Is America on the verge of an explosion of “girl power” — a new level of female leadership in public life?
There seem to be signs everywhere. The Oct. 15 issue of Fortune magazine trumpeted the “50 Most Powerful Women” and proclaimed on its cover, “At last! One generation of women leaders is grooming the next.” And then there’s “the Hillary factor”: For the first time in American history, a woman is the clear front-runner for the presidential nomination of a major political party.
Still, Barbara Kellerman, James MacGregor Burns Lecturer in Public Policy at the Kennedy School of Government, suggested at a luncheon discussion at Bell Hall Oct. 10, there’s a long road ahead before women fully take their place at the table of power.
Kellerman is co-editor of “Women and Leadership: The State of Play and Strategies for Change,” published last month — in a provocatively pink cover. Introducing her panel, she quoted columnist Arianna Huffington, writing in Newsweek: “Women still have an uneasy relationship with power. … We are still working at trying to overcome the fear that power and womanliness are mutually exclusive.”
Kellerman commented, “The literature makes it seem that there are many differences between men and women. It turns out the differences are really negligible — but that is not to say they don’t exist.”
She then touched on a number of topics that are “generally avoided” in the literature in the field of women and leadership:
“This is something that never sat quite right with me,” Pittinsky acknowledged: If women are invited into the public sphere because of their skill in collaboration, then how do we think about them in command and control situations?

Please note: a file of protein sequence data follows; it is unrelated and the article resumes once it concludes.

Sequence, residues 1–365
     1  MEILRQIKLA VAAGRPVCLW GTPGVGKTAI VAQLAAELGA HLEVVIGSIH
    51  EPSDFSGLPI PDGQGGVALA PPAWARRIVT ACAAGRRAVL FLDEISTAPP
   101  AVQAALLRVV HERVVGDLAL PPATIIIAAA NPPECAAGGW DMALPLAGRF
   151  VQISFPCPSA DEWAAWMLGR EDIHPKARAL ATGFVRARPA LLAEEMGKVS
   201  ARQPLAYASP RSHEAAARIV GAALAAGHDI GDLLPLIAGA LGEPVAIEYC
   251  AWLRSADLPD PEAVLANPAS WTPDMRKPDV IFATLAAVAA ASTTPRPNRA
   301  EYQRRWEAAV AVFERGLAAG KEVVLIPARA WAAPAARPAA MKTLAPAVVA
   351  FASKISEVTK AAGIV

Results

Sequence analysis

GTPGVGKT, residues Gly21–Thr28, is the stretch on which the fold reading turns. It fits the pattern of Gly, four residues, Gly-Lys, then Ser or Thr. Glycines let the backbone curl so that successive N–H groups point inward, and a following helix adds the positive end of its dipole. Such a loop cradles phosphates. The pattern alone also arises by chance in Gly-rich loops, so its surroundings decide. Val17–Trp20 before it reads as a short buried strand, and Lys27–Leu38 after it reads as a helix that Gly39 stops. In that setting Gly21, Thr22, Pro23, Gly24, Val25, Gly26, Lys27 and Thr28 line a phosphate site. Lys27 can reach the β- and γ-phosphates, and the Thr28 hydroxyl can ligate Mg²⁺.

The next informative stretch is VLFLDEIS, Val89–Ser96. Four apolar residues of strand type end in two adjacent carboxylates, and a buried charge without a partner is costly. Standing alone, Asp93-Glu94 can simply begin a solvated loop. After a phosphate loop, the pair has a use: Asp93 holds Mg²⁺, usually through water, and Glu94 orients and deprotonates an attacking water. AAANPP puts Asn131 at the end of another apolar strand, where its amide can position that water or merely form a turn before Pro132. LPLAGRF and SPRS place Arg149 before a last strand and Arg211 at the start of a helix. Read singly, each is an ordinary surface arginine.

“What we argue for in the chapter would be getting past ‘regendering leadership’ and really thinking about the work of leadership and really open leadership up to women.”
In her presentation, Pippa Norris, Paul F. McGuire Lecturer in Comparative Politics at the Kennedy School, suggested that the United States has a great deal to learn from other countries, including its next-door neighbors Canada and Mexico, with regard to women in leadership.
She noted that the share of women in parliaments worldwide has drifted up only slightly over the past couple of decades — from 12.0 percent in 1985 to 16.6 percent in 2006. (The national winner here is Rwanda, which, with a parliament 49 percent female as of November 2005, beat out even the Swedes.)
Norris presented three “fast-track” mechanisms by which women’s representation in legislatures can be increased — seats reserved by law for women in a legislature, statutory gender quotas for all parties, and voluntary quotas that parties adopt themselves. The first of these is most effective, she said, and the last, though very popular, especially in Europe, the least effective, because of lack of external accountability.
Asked why the United States is reluctant to employ these mechanisms, Norris responded, “It’s the ‘quota’ word. When I use it in Cambridge, I’m just about OK, but when I use it elsewhere, well, it’s not a word you use in polite society.”
Reserved seats in the parliaments of both Iraq and Afghanistan mean that both those national legislatures include more women than the U.S. Congress. The “critical mass” level — the point at which women in a legislature make a difference in its agenda — Norris put at 35 to 40 percent.